What countries are most vulnerable to an oil price shock?

Mar 09, 2011 12:00 AM

Emerging Asia and Central and Eastern Europe are the most vulnerable regions in the face of a protracted rise in the oil prices, research by Nomura shows.

Under a simple metric constructed by the Japanese investment bank’s macro strategy team, Korea, Singapore, and the Slovak Republic top the list of those countries facing the highest risks of a worsening of the crisis in the Middle East and North Africa (MENA) region sending oil prices even higher. In the 40 country list, the US appears at the 19 place, meaning it is relatively well protected from the possible repercussions of a protracted civil war in Libya and the possibility of contagion to Yemen, Bahrain, or even Saudi Arabia.

The parameters used for the study include energy efficiency measured as GDP per unit of energy used, consumer vulnerability measured as share of energy in a country’s CPI basket, and the impact on its terms of trade as measured by net imports of energy as a percentage of energy used. The study finds Emerging Asia and Central and Eastern Europe at greatest risk. Amongst the top ranks we see Hungary, Poland, and the Czech Republic in places 4 through 6; and the Philippines, Thailand, Malaysia, Indonesia, and China in the 7th to 11th place.

The US is the first major economy to show up after China, with Germany and Japan two and three places back, in 21 and 22 place respectively. Italy, Greece, and Ireland seem pretty safe, coming in 30th, 33th, and 34th respectively, despite their ailing finances and sovereign debt risk.
The developed world seems better equipped to weather the current environment of high oil prices. Emerging economies, on the other hand, face a “double-whammy inflation/growth” trade-off which will cause significant headaches to central bankers and policy makers.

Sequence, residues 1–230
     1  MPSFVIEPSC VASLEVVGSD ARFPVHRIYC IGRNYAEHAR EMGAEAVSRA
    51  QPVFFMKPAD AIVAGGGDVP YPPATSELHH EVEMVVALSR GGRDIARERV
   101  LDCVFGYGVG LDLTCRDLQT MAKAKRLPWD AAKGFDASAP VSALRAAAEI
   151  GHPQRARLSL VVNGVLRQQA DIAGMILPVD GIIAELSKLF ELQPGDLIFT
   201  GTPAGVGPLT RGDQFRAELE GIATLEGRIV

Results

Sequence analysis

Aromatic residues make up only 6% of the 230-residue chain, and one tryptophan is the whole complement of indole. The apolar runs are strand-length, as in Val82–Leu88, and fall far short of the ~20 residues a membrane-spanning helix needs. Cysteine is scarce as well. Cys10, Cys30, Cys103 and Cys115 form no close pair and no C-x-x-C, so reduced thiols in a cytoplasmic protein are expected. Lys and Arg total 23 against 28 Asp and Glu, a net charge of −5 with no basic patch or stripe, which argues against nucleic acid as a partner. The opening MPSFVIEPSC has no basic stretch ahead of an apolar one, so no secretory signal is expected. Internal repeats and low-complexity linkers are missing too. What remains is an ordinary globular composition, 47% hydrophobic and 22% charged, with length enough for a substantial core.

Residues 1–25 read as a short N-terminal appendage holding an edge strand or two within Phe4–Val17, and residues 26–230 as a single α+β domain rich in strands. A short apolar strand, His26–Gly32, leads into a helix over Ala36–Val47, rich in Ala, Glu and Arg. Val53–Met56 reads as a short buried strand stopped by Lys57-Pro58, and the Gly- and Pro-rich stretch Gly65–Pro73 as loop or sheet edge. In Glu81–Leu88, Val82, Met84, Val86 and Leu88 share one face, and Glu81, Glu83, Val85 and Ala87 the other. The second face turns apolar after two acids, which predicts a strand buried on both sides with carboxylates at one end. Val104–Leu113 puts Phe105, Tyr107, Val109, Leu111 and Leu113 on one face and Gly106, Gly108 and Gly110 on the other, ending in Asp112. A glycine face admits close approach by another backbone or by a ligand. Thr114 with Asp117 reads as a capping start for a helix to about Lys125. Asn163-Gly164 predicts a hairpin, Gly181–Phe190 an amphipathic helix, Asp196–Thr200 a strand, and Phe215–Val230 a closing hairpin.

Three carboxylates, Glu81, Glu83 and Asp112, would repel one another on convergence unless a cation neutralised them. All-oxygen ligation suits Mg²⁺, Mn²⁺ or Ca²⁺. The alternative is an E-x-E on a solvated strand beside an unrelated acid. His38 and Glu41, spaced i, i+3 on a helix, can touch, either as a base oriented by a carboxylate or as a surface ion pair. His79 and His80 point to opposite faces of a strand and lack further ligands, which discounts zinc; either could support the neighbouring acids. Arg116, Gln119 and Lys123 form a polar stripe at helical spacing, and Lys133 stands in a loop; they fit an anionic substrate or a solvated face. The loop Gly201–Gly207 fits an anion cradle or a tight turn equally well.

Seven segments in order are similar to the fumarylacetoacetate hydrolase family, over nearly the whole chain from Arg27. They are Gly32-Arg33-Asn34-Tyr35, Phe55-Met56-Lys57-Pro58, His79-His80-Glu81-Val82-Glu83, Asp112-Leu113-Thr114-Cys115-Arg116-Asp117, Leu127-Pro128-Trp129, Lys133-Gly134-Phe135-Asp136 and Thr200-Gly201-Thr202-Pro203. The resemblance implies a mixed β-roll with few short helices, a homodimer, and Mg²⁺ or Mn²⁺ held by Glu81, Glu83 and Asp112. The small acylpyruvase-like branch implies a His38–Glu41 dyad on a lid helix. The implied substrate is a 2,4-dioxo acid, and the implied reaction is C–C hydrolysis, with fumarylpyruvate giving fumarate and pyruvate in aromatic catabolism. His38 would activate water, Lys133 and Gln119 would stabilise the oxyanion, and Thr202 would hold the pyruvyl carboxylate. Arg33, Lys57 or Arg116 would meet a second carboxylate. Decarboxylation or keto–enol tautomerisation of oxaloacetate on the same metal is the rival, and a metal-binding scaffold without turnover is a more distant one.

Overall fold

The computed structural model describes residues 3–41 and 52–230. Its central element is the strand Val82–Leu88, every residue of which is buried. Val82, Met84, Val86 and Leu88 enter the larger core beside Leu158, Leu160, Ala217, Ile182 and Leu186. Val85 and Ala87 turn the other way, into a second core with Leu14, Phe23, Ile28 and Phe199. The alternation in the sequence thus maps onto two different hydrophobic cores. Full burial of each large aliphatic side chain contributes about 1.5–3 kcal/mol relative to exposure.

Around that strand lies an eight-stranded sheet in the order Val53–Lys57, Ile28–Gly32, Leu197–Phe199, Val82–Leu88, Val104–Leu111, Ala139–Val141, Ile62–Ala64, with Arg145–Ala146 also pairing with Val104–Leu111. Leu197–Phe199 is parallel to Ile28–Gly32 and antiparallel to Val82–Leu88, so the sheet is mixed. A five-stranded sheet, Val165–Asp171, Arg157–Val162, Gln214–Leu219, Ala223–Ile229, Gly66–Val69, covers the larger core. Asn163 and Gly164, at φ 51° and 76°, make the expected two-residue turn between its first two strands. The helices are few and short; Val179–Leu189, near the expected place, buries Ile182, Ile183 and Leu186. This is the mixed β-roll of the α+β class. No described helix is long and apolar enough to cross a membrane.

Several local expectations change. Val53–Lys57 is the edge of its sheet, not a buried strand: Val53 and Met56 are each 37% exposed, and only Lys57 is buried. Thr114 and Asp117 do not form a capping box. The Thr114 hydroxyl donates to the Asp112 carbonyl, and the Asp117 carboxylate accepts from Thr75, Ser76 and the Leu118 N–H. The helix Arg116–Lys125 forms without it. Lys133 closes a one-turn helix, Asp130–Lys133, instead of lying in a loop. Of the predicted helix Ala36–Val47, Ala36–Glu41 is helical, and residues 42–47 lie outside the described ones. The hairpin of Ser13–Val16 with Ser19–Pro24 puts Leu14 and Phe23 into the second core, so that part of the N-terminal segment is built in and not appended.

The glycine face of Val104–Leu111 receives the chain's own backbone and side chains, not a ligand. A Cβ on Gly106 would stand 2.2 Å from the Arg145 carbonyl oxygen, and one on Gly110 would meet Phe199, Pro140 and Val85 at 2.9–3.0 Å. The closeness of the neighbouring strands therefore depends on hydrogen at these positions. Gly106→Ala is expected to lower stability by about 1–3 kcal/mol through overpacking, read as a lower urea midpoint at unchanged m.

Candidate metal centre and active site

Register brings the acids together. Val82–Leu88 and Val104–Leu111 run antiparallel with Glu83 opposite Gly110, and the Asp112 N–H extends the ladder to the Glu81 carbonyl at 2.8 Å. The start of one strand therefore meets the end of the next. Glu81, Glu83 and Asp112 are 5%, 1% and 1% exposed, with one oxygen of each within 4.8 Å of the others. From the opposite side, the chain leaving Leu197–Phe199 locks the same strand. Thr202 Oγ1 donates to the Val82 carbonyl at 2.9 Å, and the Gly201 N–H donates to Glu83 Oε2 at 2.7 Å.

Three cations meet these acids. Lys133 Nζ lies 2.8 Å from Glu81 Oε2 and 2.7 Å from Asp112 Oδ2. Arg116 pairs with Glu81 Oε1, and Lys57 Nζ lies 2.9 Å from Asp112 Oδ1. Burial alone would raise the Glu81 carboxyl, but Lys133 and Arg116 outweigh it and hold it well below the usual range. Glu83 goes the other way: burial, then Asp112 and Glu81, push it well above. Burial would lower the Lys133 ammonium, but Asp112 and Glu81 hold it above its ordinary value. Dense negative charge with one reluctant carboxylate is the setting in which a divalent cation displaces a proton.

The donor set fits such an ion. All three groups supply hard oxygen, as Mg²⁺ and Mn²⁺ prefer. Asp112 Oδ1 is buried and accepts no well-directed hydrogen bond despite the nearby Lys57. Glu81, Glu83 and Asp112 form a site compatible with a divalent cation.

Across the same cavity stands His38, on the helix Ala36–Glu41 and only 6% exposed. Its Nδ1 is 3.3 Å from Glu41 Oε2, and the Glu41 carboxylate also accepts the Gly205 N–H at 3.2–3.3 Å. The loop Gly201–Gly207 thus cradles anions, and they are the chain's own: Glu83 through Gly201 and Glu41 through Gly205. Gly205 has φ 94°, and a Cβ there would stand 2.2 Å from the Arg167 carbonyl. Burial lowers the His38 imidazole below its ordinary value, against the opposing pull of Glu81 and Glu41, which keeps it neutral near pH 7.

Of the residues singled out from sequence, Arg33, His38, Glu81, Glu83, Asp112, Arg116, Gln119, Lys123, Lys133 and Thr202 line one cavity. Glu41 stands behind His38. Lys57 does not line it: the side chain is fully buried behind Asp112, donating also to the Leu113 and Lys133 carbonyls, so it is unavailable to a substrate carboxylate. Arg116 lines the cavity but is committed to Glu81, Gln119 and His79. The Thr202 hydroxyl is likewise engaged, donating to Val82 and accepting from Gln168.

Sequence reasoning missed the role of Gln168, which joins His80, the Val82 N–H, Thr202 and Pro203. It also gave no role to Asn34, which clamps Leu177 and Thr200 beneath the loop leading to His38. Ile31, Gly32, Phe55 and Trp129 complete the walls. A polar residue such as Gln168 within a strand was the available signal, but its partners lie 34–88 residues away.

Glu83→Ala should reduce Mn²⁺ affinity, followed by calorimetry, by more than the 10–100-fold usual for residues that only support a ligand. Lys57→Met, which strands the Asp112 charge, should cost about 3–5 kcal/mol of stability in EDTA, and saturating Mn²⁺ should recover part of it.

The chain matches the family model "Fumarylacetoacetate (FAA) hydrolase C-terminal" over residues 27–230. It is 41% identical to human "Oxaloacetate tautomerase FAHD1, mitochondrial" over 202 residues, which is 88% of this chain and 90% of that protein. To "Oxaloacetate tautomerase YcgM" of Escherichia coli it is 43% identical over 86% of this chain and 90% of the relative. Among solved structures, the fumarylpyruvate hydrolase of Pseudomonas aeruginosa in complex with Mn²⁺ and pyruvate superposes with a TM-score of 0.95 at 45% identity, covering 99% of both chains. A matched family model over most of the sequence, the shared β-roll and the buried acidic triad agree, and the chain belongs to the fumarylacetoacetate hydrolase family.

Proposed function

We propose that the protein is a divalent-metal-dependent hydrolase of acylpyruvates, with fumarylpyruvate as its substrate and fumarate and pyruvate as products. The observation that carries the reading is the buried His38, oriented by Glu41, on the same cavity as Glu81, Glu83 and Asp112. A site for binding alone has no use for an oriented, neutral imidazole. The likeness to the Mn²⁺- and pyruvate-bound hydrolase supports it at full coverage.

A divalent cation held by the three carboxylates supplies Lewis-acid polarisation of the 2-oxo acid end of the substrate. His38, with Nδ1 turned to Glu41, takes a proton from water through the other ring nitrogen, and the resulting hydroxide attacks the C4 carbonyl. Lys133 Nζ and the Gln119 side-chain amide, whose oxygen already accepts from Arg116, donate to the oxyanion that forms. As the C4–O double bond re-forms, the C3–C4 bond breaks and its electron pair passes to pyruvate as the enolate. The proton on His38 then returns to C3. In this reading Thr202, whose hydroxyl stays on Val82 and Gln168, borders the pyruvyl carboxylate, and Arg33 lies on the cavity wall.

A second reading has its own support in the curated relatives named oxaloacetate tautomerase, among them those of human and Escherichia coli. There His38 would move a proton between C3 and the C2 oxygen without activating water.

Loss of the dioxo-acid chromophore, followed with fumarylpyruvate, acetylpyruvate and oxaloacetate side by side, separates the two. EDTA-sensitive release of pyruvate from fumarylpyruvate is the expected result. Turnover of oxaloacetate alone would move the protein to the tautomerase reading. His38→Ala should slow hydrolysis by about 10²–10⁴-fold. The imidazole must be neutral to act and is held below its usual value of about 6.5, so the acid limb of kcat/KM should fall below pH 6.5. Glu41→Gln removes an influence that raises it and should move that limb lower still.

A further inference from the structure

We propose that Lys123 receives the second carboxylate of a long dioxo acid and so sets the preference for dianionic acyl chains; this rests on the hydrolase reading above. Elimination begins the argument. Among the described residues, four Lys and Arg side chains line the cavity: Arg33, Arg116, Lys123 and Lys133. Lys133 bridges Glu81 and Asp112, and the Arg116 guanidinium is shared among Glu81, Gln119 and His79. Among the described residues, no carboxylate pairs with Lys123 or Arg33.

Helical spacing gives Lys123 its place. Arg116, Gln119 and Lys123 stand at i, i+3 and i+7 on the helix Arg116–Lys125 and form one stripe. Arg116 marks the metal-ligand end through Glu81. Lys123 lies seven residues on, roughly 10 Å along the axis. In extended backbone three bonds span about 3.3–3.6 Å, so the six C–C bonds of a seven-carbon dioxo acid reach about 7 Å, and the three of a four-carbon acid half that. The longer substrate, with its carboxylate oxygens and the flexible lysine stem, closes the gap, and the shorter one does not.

“Already elevated inflation expectations and rising food prices” will put pressure on central bankers who are gauging when to pull the hand brake to stave off overheating and runaway inflation, as policy makers from China to Brazil have begun to tighten. Interestingly, the market seems to have already discounted the growth impact, while paying less attention to the inflationary one,” note the analysts.

“The path of least resistance still looks to be more risk positive with the impact on the euro from the peripheral fallout seemingly fading and the S&P Financials topping the list of performers over the last session,” reads the report. They list the top 1-day “macro market movers” with the S&P financials, utilities, and tech sectors in the lead, followed by copper and emerging market credit default swaps. Among the top 10 worst performers rank the euro-dollar exchange rate, the 5 and 10 year British pound notes, and the S&P energy sector. (Read Why World Food Prices Will Keep Climbing) (Read Chris Helman’s These Oil Companies Benefit The Most From Soaring Crude)

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